A Phenomenological Study of the Lived Experiences of Nurses Weaning COVID-19 Patients From Mechanical Ventilation

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Abstract Background: Nurse-led ventilatory weaning has shown to decrease the duration of mechanical ventilation of patients, but this practice has not been researched during the Coronavirus (COVID-19) pandemic in the United States. Objective: To explore the meaning of the lived experiences of intensive care unit nurses in caring for COVID-19 patients being weaned off of mechanical ventilation. Methods: This phenomenological qualitative study involved open-ended interviews with registered nurses working in intensive care units (ICU) across the US during the Coronavirus pandemic. Results: The length of time, severity of the disease, high levels of sedation, and the instability of COVID-19 patients influenced the weaning process from the nurses’ perspective. In addition, the time available, short staffing, lack of training, personal protective equipment shortages, and increased accountability inhibited the nurse’s ability to properly lead the weaning process. Some nurses communicated a lack of confidence and knowledge to lead the weaning process, but voiced the invaluable support from the interdisciplinary healthcare team, especially from respiratory therapy. Conclusion: In regards to the ventilatory weaning process of COVID-19 patients, nurses are a major contributor to the healthcare team and driving the patient’s plan of care. However, the barriers and differences the Coronavirus disease presents needs to be addressed in regards to nurses leading the weaning process off of mechanical ventilation.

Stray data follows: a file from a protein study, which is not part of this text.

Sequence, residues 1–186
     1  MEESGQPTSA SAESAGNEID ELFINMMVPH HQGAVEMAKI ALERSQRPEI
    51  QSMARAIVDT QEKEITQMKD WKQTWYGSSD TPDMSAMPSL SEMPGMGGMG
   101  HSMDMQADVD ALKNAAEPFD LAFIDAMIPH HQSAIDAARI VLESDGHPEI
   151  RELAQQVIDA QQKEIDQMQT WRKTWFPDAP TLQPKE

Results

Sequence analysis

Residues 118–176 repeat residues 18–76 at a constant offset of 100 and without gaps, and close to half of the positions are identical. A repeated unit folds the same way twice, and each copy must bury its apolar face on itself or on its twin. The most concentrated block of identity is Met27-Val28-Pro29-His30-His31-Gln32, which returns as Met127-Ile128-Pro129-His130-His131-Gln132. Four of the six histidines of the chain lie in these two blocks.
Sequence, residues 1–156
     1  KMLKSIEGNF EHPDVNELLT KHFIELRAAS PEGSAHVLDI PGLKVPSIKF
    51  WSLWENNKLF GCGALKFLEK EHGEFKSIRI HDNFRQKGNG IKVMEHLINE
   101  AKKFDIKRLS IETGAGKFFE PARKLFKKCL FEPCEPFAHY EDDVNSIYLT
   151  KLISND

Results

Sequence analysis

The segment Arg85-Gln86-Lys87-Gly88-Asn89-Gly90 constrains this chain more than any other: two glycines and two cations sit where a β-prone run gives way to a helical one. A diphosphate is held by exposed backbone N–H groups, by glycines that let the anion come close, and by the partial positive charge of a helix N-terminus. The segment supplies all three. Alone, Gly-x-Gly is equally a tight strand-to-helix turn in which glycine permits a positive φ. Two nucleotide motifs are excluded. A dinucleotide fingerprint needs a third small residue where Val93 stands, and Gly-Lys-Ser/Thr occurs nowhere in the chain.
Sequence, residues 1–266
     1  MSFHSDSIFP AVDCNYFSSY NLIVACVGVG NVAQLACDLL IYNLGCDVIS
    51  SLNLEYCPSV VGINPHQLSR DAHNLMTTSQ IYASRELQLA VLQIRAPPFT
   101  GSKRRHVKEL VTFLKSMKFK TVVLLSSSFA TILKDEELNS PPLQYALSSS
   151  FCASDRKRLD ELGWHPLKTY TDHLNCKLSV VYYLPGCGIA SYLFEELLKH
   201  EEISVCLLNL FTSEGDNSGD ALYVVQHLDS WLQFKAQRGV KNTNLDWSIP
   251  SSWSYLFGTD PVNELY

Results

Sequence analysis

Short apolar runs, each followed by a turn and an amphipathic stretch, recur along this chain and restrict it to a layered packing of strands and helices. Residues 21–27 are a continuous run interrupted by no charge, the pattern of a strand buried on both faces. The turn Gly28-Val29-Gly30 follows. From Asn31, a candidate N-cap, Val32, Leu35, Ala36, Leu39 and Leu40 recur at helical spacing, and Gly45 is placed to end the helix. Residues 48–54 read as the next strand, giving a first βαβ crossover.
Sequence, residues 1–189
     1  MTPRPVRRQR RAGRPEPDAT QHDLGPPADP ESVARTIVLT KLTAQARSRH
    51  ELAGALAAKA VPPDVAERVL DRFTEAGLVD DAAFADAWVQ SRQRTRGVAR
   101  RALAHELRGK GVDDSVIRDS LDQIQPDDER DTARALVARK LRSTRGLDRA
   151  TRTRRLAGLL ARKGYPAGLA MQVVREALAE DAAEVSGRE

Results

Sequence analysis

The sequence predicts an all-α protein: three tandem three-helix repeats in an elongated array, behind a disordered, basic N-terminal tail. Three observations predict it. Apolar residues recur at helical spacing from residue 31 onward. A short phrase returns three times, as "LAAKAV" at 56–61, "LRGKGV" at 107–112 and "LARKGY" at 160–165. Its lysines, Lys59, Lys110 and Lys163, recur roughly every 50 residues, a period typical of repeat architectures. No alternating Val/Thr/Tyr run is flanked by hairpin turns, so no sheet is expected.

nurse-led, weaning, nurse-led weaning, ventilatory weaning, mechanical ventilation, COVID-19, Coronavirus, nursing, intensive care unit, critical care, mechanical ventilator